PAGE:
Cell phone left at scene helped police catch Estero double-murder suspects

Investigators say two former U.S. Army soldiers made one big mistake after shooting and killing an Estero couple last year: They left behind one of the victim’s cell phones.

A crime scene with an abundance of evidence: 63 shell casings, a wallet, firearm receipts and a cell phone.

“It’s the yellow brick road of evidence,” said WINK News Safety and Security Specialist Rich Kolko. “Specifically in this case you’ve got a phone that has sent text messages and emails setting up the reason for the meeting.”

The reason—in an interview with investigators, 22-year-old Alex Zweifelhofer says he and 29-year-old Craig Lang wanted to get enough money and ammunition to get to Venezuela to fight the government.

So, they met up with Serafin and Deana Lorenzo to sell them guns.

A text from the two men to Serafin on April 9, the day of the murder, read, “We should arrive at 10:45 to 11 p.m.” The 911 shots fired call came in at 10:55 p.m.

“You’ve got location of the cell phone, you can go back and track it in the past as well using the technology that exists through the cell phone providers,” said Kolko.

The number Serafin texted was a burner number the two men purchased in Walmart—you take a SIM card and put it in your phone for a new number.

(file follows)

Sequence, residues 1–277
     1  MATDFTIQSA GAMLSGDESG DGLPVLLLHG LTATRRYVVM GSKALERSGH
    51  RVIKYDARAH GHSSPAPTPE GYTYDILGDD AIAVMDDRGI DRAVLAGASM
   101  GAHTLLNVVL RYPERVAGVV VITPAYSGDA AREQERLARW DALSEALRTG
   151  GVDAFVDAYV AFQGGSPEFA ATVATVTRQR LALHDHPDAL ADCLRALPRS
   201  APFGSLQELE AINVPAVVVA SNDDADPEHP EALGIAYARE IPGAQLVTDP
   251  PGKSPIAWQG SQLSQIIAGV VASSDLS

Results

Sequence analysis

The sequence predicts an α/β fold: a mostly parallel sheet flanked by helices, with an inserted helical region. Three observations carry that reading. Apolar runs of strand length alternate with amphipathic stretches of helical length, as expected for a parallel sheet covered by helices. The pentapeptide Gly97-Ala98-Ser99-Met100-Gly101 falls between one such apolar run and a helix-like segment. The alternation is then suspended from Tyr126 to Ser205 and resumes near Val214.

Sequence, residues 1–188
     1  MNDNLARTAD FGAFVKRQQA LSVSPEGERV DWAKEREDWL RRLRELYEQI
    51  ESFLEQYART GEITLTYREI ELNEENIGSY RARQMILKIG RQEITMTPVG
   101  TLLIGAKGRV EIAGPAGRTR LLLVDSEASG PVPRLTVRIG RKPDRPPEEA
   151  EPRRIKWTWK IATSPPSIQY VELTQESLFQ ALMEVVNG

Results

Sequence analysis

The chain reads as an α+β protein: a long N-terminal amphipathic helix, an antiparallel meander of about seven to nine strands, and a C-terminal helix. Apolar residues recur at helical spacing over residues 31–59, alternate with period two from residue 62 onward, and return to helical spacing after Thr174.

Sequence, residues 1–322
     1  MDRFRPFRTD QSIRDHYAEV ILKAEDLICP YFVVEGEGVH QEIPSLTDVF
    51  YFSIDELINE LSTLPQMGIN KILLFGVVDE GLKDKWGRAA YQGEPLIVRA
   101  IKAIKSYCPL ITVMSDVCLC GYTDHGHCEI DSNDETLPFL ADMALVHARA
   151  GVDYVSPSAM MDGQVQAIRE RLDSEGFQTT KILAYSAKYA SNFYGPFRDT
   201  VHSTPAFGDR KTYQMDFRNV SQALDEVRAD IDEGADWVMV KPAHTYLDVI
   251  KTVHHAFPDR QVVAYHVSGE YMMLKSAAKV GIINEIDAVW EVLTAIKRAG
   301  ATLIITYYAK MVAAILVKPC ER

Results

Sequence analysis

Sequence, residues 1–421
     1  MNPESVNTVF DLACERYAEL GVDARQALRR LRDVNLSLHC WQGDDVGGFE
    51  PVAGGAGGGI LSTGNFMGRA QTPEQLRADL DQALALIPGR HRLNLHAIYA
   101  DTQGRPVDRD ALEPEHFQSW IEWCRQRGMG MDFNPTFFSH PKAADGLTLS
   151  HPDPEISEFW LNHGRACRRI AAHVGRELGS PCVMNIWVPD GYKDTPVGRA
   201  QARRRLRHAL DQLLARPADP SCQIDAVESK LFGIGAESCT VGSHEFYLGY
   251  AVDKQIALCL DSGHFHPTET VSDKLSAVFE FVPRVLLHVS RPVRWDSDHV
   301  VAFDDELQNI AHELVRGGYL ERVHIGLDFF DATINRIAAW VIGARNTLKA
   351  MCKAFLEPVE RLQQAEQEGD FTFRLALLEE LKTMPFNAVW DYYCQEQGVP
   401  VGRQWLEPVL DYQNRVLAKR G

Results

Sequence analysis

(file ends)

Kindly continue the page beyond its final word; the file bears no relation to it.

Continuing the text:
But investigators still found the original number associated with the phone itself and traced it back to Zwiefelhofer.

“They were able to track them through the State of Florida and ultimately was a critical part of the case,” said Kolko.

Moment by moment, investigators could track their phones as they traveled from out of state to Miami, and eventually right up to the exit at Corkscrew Road, placing them at the crime scene at the time the murders happened.

In this case, investigators had the victim’s cell phone number from the start which made the investigation easier.

But let’s say they didn’t.

Investigators would be able to request all cell phone numbers that bounced off the towers near Corkscrew Road around the time the shots were fired. From there, it would be a process of elimination.

Reporter:Morgan Rynor
Writer:Briana Harvath
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